“Adding storage to a power system is a way of operating the whole system more efficiently.  Storage will reduce the total operating costs, and so reduce the costs of energy to consumers.  Instinctively, everyone knows that storage is good idea, making better use of wrong time energy is one of the priorities of the renewable energy industry.

"The opportunity is now."  Referring to reports that large scale investment in gas fired electricity generation is planned, the ESN's Director continues:  " if the Government does not support the use of storage as part of the solution to meet our power shortfall, we will lose this opportunity, and live to regret it.  What is low cost now will take us down power’s  one way street. It will be difficult and costly to reverse.  Our plans for the Smart Grid show we need storage and we must seize this opportunity now.”

The Electricity Storage Network is the trade and industry group that promotes the increased use of electricity storage in grid connected applications.  Its members include manufacturers and developers of electricity storage products, as well as users and researchers in storage technologies.  Electricity storage technologies include  battery systems, pumped hydro, liquid air, pumped heat, compressed air and flywheels,.  Electricity storage projects are in operation throughout the world.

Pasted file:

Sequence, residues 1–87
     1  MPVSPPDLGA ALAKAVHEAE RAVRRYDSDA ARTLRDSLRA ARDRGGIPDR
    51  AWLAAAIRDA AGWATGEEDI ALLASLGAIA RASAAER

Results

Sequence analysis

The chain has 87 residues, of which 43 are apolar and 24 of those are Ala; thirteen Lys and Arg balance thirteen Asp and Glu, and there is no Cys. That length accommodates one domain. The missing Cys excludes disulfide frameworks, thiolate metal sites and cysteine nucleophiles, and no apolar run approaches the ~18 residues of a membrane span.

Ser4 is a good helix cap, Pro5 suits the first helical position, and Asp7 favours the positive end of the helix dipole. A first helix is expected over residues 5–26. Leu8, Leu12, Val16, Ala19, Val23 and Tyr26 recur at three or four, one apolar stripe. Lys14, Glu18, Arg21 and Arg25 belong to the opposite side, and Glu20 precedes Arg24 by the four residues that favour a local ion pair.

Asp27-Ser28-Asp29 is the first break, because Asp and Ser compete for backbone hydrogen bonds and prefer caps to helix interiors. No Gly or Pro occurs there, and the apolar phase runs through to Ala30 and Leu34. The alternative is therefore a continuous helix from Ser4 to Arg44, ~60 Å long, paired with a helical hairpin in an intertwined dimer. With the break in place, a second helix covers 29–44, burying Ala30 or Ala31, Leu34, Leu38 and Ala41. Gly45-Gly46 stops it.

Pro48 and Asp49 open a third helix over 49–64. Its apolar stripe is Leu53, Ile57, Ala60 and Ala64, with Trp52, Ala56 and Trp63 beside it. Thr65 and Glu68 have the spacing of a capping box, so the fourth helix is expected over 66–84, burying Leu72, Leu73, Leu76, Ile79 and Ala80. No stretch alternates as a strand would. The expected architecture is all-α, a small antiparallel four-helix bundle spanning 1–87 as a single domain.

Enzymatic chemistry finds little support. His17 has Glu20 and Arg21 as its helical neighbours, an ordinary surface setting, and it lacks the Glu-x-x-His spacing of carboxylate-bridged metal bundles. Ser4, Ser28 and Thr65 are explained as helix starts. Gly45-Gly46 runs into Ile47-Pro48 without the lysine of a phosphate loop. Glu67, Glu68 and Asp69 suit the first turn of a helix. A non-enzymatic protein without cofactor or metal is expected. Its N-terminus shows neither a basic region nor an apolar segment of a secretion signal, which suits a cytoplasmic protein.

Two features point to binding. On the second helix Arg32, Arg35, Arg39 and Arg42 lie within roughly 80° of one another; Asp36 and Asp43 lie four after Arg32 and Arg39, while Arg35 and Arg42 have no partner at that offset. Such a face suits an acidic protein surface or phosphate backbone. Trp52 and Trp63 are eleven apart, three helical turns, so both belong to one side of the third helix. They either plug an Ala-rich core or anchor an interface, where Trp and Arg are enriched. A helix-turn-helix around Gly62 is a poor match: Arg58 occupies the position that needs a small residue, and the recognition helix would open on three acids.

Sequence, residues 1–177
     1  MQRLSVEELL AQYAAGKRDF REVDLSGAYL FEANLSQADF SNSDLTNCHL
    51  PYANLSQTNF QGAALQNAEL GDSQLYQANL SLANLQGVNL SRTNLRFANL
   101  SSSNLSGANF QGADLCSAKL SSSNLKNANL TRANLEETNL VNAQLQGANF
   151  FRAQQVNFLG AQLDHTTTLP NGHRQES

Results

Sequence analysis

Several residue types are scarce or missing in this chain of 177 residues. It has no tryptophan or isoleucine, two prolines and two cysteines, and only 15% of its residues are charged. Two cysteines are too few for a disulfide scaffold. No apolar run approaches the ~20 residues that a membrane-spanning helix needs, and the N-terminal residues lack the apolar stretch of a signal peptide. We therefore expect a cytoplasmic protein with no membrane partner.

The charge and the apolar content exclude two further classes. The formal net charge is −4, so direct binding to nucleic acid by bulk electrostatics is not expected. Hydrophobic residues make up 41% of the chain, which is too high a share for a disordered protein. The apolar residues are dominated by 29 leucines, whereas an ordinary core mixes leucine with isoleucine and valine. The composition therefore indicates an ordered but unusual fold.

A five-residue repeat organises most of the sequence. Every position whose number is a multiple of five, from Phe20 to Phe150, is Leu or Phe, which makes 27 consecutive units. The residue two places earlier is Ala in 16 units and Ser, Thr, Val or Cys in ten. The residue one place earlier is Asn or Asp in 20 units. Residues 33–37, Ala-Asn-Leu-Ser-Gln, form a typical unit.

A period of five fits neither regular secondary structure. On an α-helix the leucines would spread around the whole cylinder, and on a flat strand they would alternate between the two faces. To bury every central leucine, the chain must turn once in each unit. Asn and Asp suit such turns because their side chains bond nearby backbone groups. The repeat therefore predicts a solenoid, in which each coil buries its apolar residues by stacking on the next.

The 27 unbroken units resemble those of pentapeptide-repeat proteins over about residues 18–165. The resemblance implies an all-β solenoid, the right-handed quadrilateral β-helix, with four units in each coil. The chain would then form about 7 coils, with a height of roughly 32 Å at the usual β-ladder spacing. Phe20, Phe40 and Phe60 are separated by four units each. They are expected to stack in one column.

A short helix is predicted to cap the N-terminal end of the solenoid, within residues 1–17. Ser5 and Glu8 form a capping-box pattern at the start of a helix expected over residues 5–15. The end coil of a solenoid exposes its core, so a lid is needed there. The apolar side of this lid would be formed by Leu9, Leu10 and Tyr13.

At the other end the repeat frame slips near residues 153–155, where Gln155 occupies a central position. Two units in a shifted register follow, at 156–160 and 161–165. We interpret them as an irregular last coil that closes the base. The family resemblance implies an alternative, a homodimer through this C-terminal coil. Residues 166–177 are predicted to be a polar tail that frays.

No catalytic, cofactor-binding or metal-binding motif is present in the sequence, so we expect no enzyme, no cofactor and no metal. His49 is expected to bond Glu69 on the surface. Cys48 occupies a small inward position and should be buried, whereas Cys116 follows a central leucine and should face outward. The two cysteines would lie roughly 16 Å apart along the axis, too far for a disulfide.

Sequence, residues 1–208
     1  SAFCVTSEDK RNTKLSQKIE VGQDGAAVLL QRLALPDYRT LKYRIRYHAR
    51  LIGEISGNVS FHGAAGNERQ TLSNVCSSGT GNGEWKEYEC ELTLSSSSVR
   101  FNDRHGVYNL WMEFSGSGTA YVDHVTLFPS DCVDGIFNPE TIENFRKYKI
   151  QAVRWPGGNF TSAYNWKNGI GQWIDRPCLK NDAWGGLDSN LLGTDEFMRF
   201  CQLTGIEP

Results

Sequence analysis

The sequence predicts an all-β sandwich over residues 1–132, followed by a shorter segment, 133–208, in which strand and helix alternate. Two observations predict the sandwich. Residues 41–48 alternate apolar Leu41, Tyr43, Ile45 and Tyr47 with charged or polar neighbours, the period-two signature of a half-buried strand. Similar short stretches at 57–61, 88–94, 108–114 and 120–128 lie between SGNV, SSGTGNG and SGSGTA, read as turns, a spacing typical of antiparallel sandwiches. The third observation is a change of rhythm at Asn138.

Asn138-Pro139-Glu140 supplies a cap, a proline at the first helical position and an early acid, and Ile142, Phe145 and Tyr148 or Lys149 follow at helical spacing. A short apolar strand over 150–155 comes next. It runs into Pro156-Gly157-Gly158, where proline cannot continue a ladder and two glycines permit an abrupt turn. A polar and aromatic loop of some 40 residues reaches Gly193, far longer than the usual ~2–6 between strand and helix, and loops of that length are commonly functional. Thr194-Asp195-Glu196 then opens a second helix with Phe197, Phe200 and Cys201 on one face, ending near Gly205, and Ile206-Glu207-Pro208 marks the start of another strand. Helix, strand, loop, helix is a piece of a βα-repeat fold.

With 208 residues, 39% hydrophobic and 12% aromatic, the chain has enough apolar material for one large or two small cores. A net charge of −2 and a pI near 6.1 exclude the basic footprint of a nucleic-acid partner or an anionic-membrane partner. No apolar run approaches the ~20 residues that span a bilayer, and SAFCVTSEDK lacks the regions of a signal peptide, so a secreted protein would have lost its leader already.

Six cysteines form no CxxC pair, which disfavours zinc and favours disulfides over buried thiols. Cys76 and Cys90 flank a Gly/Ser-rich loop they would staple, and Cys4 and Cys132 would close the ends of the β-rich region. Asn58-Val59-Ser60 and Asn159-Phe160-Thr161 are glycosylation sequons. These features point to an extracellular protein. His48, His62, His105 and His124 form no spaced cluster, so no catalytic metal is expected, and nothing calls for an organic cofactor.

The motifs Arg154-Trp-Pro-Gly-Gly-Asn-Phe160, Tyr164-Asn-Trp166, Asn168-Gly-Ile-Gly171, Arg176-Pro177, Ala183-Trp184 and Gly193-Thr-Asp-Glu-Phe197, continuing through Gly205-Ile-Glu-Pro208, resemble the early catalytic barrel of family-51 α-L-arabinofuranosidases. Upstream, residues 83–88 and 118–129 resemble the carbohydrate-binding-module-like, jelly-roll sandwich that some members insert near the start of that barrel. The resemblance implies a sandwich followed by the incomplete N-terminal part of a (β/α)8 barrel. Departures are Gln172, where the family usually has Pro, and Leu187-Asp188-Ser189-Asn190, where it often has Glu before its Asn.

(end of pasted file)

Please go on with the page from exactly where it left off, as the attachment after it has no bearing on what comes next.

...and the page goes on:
MPs call for electricity storage to be recognized in the new Energy Bill

The House of Commons select committee on Energy and Climate Change has published its review of the Draft Energy Bill (23 July 2012) and has called for demand-side response and storage technologies to be recognised and defined explicitly in the Energy Bill. The case is argued for support for storage and DECC should investigate the legislative and other barriers to storage, and remove any that prevent it from competing fairly in the market.

The report may be downloaded here  (see volume 1, para 192)

The Electricity Storage Network provided written evidence to the committee, and this has been commented upon in the report.  Many other witnesses provided evidence supporting the role of storage.